Lankford then noted that the Apostle Paul’s messages were very counter cultural as he wrote to the church at Ephesus. And when Peter was writing to the churches in Asia Minor, he stressed that he was about to tell them a shocking new concept that would be just as shocking among the people with whom they were living. Lankford said their new lifestyle would cause them to feel like aliens and strangers in the world but when people accused them of wrong doing those people would also see their good deeds which would glorify God.
Lankford then gave an example from Scripture on how believers can stand out in culture and thereby create opportunities to share the Gospel.
“Honoring authority is really jarring in that (New Testament) culture and in our culture today. If you want to stand out and provide opportunity to present the gospel and bring honor and glory to God … because no one else does that … you will have an opportunity to talk to someone about how your life is different and how God has changed your life. That is a challenge for any of us in the culture that we live in," he maintained.
“Our role is to both challenge authority and honor authority at the same time while articulating biblical truths and saying, ‘this is what is right.’ Now, not everyone in government is honorable … that’s just the facts. But that’s not new and that’s the way it has been for a very long time.
"Every government rises and falls but at the end of the day God still has a Kingdom and a plan."
Scott Barkley, Index associate managing editor, then asked Lankford if there were any examples of when he had a “Welcome to Washington” that brought into sharp focus that he was no longer an Oklahoma youth pastor.
He replied that there have been several times when the new reality began to sink in, such as the first time he was with a small group discussing foreign policy with Israeli Prime Ministry Benjamin Netanyahu. He said that was a memorable moment when he realized the seriousness of the meeting and that “this was playing for keeps.”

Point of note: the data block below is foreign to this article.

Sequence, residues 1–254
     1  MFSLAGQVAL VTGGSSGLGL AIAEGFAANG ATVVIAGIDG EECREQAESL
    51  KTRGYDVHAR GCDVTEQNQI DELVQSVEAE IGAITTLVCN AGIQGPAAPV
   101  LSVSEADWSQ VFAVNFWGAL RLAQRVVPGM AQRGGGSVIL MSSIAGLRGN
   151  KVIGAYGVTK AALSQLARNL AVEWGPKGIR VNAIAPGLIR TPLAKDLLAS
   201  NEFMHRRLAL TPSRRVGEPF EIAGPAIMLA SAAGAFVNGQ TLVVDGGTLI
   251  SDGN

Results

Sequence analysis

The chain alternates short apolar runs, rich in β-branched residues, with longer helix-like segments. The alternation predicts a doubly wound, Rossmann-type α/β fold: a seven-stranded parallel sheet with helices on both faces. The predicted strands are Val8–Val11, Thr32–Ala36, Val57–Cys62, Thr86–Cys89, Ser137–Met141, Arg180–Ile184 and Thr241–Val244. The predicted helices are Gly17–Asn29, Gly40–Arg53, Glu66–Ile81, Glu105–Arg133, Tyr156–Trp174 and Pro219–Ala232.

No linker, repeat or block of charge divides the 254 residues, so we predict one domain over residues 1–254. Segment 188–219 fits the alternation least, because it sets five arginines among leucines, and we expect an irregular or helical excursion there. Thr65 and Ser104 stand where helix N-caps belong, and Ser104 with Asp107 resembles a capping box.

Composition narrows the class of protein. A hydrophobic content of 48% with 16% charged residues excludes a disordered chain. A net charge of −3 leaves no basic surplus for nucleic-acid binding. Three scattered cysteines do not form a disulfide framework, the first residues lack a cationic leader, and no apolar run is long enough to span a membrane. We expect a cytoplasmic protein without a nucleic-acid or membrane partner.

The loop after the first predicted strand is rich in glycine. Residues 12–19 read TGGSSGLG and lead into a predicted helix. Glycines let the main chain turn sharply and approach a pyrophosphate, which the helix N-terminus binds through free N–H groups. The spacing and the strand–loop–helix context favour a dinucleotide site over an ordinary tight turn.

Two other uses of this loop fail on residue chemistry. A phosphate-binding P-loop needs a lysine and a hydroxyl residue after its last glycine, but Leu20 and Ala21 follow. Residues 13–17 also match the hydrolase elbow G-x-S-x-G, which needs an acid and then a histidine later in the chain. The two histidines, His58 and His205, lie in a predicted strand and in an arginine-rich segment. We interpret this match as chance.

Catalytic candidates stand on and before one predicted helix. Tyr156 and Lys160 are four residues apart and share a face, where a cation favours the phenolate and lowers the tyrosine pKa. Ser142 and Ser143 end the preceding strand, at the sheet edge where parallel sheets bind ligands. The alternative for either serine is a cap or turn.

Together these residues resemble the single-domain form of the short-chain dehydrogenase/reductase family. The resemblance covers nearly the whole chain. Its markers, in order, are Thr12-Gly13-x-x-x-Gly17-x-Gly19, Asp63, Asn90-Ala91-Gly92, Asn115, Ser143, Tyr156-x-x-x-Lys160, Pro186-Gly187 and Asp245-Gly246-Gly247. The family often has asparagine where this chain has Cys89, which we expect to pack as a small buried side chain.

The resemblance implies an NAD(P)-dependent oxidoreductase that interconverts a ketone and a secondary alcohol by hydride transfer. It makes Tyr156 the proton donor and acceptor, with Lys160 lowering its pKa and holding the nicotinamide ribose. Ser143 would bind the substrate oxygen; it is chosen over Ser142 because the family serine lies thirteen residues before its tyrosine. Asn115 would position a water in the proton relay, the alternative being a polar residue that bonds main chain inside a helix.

Another such moment was dealing with hotly debated issues such as immigration. “First, the immigration crisis is a humanity crisis because every person is created in the image of God. And secondly, it’s also a law issue that requires balance.
“I was preaching at a church in Oklahoma once and after the service the pastor stopped me and wanted to talk about immigration. He said, ‘Our church loves everybody and we don’t ask anyone where they are from or anything about their background. The gospel goes everywhere.
“But then he tapped me in the chest and said, ‘But you represent the government. You have to figure out how to love everybody and also practice the law.
“I smiled and said, ‘You get it.’”
On the day of his meeting with BCA members, Lankford touched on the pressures of being a husband and father with a 1,400-mile gap between him and his family. As an example, he mentioned that at the end of that day he was catching “the fastest flight back” to Oklahoma City to be present for his youngest daughter’s 18th birthday. She was competing in a track meet and her last heat was at 9:30 p.m. His was going to put in a full day at work and make a hurried trip to the airport. He noted that his plane was going to land at 8:20 p.m. so barely had an hour to drive across town to be part of that important moment in her life.
Always pray for our family, we need that. It’s not fun being separated all the time. My wife of 26 years, Cindy, and I have a running joke that we got married to spend more time together, not less.
There are a million things you could work on here every day but my team and I cannot do a million things. But we can do a lot. DC functions a lot like a soccer game played by four-year-olds; it is difficult to get everyone focused on one goal.
The primary prayer of Nehemiah was asking God to give him favor with the right individual so can be successful. There are things we feel very passionate about but they are not going to get accomplished if God does not give us favor with the appropriate individuals. I am working on a bill now to change the way we do budgeting that is not going to get done if I don’t have favor with 59 other people.